The American Heart Association is advocating for a simple test for all newborns that could detect heart defects earlier.

The pulse oximetry screening is simple: A pulse oximeter probe goes around the baby’s foot and hand to measure the amount of oxygen in the baby’s blood. A low reading doesn’t necessarily mean there’s a heart problem, but it can signal that more tests are needed.

Heart defects are the No. 1 birth defect, affecting 1 in 100 births. Unfortunately, the defects may not be detected for months, years or even until adulthood. The American Heart Association wants pulse oximetry to be a standard practice for all hospitals across the country.

In Oklahoma, the American Heart Association is working with Rep. Dan Kirby of Broken Arrow to introduce a bill that would make heart screenings mandatory for all newborns.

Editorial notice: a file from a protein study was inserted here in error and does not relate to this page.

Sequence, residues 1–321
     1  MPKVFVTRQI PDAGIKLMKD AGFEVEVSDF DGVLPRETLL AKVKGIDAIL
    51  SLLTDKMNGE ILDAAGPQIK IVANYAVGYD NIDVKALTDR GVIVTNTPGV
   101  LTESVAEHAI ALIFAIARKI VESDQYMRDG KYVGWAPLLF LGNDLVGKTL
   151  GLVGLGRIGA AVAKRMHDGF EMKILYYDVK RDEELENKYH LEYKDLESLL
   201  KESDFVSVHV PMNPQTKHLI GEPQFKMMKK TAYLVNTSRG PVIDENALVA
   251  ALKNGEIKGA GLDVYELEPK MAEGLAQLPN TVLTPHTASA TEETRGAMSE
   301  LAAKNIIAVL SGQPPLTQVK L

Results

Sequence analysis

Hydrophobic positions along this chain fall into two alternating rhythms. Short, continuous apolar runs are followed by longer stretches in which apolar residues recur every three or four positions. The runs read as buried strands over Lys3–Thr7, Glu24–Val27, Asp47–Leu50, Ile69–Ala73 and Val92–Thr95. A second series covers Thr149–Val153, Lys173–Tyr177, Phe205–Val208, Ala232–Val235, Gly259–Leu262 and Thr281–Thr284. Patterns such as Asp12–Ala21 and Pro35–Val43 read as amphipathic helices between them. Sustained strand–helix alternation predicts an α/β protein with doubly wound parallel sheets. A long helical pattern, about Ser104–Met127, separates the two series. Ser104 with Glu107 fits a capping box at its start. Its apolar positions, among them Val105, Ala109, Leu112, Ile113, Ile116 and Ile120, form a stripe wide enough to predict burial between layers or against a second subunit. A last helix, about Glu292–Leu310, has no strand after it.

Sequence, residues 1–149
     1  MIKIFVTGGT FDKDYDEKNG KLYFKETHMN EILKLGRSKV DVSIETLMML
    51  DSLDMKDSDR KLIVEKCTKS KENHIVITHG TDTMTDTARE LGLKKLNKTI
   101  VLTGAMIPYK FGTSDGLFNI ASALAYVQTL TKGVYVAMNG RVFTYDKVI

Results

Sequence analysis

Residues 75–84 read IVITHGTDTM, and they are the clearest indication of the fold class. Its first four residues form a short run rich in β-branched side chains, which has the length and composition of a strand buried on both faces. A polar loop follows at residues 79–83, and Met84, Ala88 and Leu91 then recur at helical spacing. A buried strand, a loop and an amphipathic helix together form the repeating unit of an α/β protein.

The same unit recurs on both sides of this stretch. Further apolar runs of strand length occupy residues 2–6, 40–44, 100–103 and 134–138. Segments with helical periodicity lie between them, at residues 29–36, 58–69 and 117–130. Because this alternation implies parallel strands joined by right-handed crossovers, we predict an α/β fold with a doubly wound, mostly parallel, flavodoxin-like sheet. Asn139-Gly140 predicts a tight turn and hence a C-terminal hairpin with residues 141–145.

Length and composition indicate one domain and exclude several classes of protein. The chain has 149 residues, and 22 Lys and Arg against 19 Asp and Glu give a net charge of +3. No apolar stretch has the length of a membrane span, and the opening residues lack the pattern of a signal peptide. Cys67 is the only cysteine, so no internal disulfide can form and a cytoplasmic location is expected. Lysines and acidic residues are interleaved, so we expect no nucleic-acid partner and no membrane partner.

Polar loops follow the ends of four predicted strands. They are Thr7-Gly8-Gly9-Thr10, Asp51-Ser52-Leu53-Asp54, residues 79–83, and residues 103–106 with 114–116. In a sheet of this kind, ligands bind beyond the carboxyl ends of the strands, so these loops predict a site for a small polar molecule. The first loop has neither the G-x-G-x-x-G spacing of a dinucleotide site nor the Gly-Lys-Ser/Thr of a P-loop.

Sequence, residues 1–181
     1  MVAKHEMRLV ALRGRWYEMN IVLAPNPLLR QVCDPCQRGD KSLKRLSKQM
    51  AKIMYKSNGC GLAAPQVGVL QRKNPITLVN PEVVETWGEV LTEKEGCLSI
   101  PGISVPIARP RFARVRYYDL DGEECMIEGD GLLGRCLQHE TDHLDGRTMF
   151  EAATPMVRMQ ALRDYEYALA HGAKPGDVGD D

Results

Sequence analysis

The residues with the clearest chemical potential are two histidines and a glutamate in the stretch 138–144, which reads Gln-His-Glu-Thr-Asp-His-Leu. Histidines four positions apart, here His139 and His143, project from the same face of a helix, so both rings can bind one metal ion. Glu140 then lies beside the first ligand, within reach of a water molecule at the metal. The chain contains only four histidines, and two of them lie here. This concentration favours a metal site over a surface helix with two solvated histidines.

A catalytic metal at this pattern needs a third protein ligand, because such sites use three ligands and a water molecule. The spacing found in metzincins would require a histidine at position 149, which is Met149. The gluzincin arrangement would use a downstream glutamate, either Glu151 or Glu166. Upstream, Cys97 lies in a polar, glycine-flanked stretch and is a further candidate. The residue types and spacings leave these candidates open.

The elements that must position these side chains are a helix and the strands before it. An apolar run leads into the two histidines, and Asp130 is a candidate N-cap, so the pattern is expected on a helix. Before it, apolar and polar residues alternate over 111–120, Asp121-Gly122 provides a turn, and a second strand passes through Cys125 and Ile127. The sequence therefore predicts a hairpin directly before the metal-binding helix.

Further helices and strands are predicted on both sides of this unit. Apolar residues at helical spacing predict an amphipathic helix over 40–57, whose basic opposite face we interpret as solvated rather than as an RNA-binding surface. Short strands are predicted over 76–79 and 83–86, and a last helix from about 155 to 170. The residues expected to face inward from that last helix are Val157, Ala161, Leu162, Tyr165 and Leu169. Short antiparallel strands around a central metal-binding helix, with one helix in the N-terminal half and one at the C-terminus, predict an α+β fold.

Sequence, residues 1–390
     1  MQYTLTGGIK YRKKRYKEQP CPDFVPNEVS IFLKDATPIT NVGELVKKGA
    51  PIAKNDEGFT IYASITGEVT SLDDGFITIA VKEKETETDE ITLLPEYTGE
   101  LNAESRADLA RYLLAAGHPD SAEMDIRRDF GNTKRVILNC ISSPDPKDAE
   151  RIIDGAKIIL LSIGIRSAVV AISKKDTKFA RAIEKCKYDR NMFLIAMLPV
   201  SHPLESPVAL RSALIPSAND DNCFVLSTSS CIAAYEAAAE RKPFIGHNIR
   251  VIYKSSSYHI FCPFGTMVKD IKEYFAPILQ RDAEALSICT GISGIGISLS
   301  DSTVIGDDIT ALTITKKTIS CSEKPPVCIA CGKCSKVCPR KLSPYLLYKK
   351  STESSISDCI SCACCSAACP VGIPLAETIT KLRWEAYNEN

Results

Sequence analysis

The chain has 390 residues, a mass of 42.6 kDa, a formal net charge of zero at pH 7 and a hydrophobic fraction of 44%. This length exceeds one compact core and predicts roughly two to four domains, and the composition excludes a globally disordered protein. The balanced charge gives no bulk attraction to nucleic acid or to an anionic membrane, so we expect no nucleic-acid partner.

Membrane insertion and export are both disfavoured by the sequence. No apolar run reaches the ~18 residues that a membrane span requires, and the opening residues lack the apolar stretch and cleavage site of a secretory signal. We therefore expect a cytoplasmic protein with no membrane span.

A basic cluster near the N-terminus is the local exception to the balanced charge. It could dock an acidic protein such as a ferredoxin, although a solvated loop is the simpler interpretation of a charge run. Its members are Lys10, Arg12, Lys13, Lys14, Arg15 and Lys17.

“We are so appreciative of Rep. Kirby for joining the fight against heart disease,” said Marilyn Davidson of the American Heart Association. “Too many babies are leaving the hospital with a heart defect and aren’t getting the proper treatment. This bill could affect the lives of hundreds of babies every single year.”

The public can join the American Heart Association by taking action online at